‘Eucharistic consistency’: What the US bishops will discuss at their meeting next week
By Matt Hadro
Washington D.C., Jun 7, 2021 / 20:01 pm
The U.S. bishops next week will deliberate and vote on whether to draft a teaching document on the Eucharist – despite the recent request of some bishops to delay such a discussion.
At the bishops’ virtual spring meeting scheduled for June 16-18, one agenda item that has received scrutiny is consideration of “Eucharistic consistency.” The agenda item is a “proposal to draft a formal statement” on “the meaning of the Eucharist in the life of the Church.” The proposal comes from the bishops’ doctrine committee.
In a May 22 memo to the U.S. bishops, the president of the conference – Archbishop Jose Gomez of Los Angeles – explained that the proposal for such a document came from the doctrine committee. The committee followed the administrative procedures for securing an agenda item on the matter, he said.
Further, the proposed outline of the document “reflects recent guidance from the Holy See,” Archbishop Gomez said, referring to a May 7 letter from the prefect of the Vatican Congregation for the Doctrine of the Faith, Cardinal Luis Ladaria, to Gomez and, by extension, the U.S. bishops.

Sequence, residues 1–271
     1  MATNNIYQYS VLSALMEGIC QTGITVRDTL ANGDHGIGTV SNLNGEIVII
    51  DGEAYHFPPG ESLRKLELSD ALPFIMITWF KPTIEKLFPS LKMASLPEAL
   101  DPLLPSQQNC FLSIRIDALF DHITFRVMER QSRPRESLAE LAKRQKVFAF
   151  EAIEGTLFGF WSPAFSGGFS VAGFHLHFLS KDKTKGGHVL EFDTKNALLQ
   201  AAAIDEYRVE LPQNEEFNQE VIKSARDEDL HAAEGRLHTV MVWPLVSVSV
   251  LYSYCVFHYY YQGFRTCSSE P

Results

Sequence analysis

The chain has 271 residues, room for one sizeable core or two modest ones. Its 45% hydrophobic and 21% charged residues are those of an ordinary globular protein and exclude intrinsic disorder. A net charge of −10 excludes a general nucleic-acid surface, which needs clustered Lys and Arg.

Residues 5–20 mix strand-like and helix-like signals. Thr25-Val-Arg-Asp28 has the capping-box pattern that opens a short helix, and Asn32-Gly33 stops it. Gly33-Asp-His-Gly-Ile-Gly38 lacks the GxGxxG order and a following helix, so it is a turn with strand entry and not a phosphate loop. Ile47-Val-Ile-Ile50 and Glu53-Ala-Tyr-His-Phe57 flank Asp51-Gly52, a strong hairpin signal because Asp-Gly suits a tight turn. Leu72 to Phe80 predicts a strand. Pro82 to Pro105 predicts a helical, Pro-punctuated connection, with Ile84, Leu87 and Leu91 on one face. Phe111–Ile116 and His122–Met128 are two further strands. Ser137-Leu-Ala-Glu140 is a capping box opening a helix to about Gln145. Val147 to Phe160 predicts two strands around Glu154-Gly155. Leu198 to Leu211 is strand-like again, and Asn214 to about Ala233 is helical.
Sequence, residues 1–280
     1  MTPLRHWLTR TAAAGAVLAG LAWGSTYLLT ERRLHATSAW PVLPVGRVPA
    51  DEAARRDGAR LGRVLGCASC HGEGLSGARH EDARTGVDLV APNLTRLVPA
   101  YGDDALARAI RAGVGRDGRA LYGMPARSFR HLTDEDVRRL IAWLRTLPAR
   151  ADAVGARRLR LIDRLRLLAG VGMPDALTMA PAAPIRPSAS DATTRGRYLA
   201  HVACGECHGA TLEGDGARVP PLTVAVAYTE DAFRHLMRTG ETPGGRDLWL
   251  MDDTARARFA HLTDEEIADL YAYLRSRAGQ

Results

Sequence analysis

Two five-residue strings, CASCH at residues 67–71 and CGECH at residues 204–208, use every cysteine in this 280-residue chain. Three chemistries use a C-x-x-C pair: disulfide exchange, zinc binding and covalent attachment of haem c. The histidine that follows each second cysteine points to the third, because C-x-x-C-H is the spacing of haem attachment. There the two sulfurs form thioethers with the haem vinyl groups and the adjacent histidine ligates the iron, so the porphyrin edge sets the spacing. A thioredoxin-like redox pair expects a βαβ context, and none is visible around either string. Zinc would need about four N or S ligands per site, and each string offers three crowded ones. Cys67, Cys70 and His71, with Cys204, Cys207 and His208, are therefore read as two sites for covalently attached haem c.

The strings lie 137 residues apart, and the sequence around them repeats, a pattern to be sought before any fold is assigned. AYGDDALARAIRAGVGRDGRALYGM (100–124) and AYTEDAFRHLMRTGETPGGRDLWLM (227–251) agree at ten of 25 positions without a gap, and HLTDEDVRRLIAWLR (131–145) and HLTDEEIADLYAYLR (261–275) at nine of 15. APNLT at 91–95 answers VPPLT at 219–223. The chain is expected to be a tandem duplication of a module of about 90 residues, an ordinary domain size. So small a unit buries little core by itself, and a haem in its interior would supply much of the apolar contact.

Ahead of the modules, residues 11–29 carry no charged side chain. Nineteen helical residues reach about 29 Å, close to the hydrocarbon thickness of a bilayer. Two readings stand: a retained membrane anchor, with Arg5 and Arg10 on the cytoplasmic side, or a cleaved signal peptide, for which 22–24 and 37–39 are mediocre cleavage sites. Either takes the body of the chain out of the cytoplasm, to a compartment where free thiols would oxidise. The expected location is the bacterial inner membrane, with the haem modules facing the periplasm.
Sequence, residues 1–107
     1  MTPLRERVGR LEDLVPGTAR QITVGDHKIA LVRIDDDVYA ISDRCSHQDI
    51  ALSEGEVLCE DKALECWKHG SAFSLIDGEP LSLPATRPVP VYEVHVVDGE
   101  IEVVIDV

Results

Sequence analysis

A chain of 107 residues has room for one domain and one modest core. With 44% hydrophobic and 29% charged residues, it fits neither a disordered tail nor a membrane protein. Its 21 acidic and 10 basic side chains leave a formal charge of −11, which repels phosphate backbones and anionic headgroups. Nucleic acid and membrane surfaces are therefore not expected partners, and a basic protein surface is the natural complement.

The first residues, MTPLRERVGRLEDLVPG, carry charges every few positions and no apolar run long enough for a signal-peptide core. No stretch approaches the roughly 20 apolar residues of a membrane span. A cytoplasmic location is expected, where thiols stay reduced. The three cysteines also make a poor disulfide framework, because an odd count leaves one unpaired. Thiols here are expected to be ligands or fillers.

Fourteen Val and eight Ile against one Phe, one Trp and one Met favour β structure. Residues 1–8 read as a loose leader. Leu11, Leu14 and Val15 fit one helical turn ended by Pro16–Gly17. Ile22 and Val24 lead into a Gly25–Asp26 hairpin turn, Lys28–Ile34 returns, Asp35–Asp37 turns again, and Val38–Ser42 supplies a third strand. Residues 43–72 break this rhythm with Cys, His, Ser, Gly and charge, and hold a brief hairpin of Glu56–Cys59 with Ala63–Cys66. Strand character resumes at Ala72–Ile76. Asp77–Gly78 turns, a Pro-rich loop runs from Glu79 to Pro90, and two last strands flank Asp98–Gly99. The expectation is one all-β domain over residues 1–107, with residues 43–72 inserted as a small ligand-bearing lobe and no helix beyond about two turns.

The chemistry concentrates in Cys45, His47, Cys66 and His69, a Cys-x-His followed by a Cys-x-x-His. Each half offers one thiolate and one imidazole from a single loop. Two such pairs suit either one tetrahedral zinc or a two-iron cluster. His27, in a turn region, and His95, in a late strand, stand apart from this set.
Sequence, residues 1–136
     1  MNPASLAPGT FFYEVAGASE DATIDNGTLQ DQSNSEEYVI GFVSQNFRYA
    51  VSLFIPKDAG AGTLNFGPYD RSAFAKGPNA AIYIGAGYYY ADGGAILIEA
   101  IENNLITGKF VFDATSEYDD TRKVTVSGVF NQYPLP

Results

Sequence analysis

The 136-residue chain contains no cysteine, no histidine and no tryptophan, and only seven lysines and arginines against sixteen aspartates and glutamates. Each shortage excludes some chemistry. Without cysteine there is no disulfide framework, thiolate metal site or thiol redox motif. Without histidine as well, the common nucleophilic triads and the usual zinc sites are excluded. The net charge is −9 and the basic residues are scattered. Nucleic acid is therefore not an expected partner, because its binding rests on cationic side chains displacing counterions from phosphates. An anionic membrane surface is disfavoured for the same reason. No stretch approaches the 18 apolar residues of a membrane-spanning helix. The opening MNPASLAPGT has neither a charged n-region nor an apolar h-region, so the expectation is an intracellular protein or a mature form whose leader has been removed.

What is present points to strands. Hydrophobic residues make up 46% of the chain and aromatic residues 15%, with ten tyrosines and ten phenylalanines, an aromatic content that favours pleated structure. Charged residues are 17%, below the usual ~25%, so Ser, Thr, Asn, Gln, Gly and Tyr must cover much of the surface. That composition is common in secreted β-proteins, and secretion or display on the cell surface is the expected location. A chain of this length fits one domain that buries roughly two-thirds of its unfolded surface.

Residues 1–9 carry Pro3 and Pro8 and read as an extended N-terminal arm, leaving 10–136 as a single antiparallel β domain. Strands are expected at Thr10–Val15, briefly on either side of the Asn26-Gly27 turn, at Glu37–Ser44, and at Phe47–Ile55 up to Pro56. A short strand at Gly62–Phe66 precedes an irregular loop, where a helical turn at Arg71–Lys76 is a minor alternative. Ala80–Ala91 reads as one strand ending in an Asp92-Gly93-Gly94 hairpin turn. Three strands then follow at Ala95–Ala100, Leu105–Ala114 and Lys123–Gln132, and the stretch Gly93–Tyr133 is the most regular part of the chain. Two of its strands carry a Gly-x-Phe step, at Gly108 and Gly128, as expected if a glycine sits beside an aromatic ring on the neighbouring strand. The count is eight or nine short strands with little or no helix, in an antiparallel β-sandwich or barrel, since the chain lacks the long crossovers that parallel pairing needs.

Gomez added that “the focus of this proposed teaching document is on how best to help people to understand the beauty and mystery of the Eucharist as the center of their Christian lives.”
The conference will not be voting on any final text of a document, but simply on whether to begin drafting a document, he said. If the bishops approve the motion, they will still have the opportunity to deliberate and amend the document when presented in final form at a future meeting.
In its proposal, the bishops’ doctrine committee explained the two-fold need for a teaching document on the Eucharist.
First, the bishops’ three-year strategic plan – approved in November 2020 – has a Eucharistic title, “Created Anew by the Body and Blood of Christ, Source of Our Healing and Hope.” Second, a special working group of the bishops – convened in the aftermath of Joe Biden’s election to the presidency – recommended a teaching document on “Eucharistic consistency.”
That term has its roots in the 2007 closing document of the Aparecida conference of Latin American and Caribbean bishops – a document which then-Cardinal Jorge Mario Bergoglio had a hand in developing. Used in the document, the term refers to the need for Catholic leaders and legislators to defend life and the family against grave evils such as abortion and euthanasia.
Making specific reference to “legislators, heads of government, and health professionals,” the document states, “We must adhere to ‘eucharistic coherence,’ that is, be conscious that they cannot receive holy communion and at the same time act with deeds or words against the commandments, particularly when abortion, euthanasia, and other grave crimes against life and family are encouraged.”
Although individual U.S. bishops have talked about the matter of Communion for pro-abortion politicians in recent months – given that President Biden is Catholic and supports taxpayer-funded abortion – the bishops’ Eucharistic document would be “addressed to all Catholics.”